|Cooling Capacity (Btu/h) Standard||Minimum EER to be ENERGY STAR qualified|
|Less than 6 000||10.7||9.9|
|6 000 to 7 999||10.7||9.9|
|8 000 to 13 999||10.8||9.4|
|14 000 to 19 999||10.7||9.4|
|20 000 and over||9.4||9.4|
|Casement-only – all||9.6|
|Casement-slider – all||10.5|
Note: Units with heating elements or reverse cycles (i. e. mini heat pumps) do not qualify for ENERGY STAR.
By replacing your old air conditioner with an ENERGY STAR qualified model, you can realize substantial savings in electricity costs. Today's ENERGY STAR qualified units use 30 to 40 percent less energy than most models sold 10 to 15 years ago.
Room air conditioners contribute more to the summer peak demand for electricity from the electricity grid than any other household appliance. On hot days, when the demand for electricity for air conditioning increases, the generation of coal-fired electricity can soar, with a corresponding increase in nitrogen oxides (NOx), sulphur oxides (SOx), carbon dioxide (CO2) and other emissions that lead to smog, acid rain and climate change.
By choosing an ENERGY STAR qualified room air conditioner, you can help the environment and realize significant electrical savings.
For more information on ENERGY STAR in Canada, visit the Web site at energystar.gc.ca or call 1 800 387-2000 toll-free.
The room air conditioner EER and cooling capacity are determined in accordance with the Canadian Standards Association (CSA) Standard C368.1-M90, which specifies methods of testing, test conditions and tolerances.
Certification organizations accredited by the Standards Council of Canada, such as CSA, operate energy efficiency verification services for manufacturers, distributors and importers of room air conditioners to help them demonstrate compliance with federal and provincial regulations. These verification services assess the products' performance against mandated requirements and put in place a process to ensure that production units continue to meet these requirements.
As mentioned earlier, central air conditioners must meet minimum efficiency standards of performance under Canada's Energy Efficiency Regulations, as well as under similar regulations in many provinces. These regulations specify the minimum seasonal energy efficiency ratio (SEER) for central air-conditioning equipment.
THE ENERGUIDE RATING FOR CENTRAL AIR CONDITIONERS
NRCan and the Heating, Refrigerating and Air Conditioning Institute of Canada (HRAI) have established an industry-managed energy efficiency rating system for furnaces, central air conditioners and heat pumps. The energy efficiency rating scale appears under the EnerGuide logo on the back of the manufacturers' brochures (see Figure 2). As with the EnerGuide label for room air conditioners, the inverted triangle and graduated bar can be used to compare a particular model with other model designs and types.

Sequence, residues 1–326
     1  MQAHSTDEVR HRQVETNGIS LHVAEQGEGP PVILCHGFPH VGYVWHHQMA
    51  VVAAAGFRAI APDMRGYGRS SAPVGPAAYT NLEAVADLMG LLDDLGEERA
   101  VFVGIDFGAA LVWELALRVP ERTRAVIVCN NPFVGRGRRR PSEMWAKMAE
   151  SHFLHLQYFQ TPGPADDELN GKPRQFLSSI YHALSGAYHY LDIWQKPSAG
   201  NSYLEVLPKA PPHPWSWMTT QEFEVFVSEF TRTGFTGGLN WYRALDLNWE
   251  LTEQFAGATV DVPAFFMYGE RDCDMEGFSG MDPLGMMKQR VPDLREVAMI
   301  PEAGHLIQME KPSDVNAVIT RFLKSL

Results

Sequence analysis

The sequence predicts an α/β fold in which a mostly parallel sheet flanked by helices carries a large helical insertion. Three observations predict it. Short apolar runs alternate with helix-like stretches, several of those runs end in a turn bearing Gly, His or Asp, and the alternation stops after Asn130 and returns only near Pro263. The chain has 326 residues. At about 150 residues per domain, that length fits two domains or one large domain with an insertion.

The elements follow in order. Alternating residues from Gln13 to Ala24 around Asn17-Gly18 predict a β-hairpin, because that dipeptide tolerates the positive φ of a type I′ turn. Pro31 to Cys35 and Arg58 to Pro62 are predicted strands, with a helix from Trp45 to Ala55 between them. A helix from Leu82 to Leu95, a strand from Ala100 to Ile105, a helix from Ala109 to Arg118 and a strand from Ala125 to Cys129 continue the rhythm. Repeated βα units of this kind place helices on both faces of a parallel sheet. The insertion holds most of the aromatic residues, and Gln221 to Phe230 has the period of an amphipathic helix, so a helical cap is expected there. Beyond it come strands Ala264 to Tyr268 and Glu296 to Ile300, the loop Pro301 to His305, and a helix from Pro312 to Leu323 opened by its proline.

The central air conditioner SEER and cooling capacity are determined in accordance with CSA Standard C273.3-M91: Performance Standard for Split-System Central Air Conditioners and Heat Pumps . The standard specifies the tests and calculation procedures to be used to determine SEER and capacity ratings. The standard also specifies the minimum efficiency requirements.
Certification organizations accredited by the Standards Council of Canada, such as CSA, operate energy efficiency verification services for manufacturers, distributors and importers of central air conditioners to help them demonstrate compliance with federal and provincial regulations. These verification services assess the products' performance against mandated requirements and put in place a process to ensure that production units continue to meet these requirements.
Today's ENERGY STAR® qualified central air conditioners use up to 20 percent less energy than standard new central air conditioners. The ENERGY STAR specification for central air conditioners requires that the EnerGuide SEER rating be 12.0 or greater for a single-package unit and 13.0 or greater for a split system.
Central air conditioners are major contributors to the summer peak demand for electricity from the electrical grid. On hot days, when the demand for electricity for air conditioning increases, the generation of coal-fired electricity can soar, with a corresponding increase in NOx, SOx, CO2 and other emissions that lead to smog, acid rain and climate change.
By choosing to buy an ENERGY STAR qualified central air conditioner that is sized correctly for your home, you can help to reduce GHGs and smog precursors, realize substantial electrical savings and increase your household's comfort.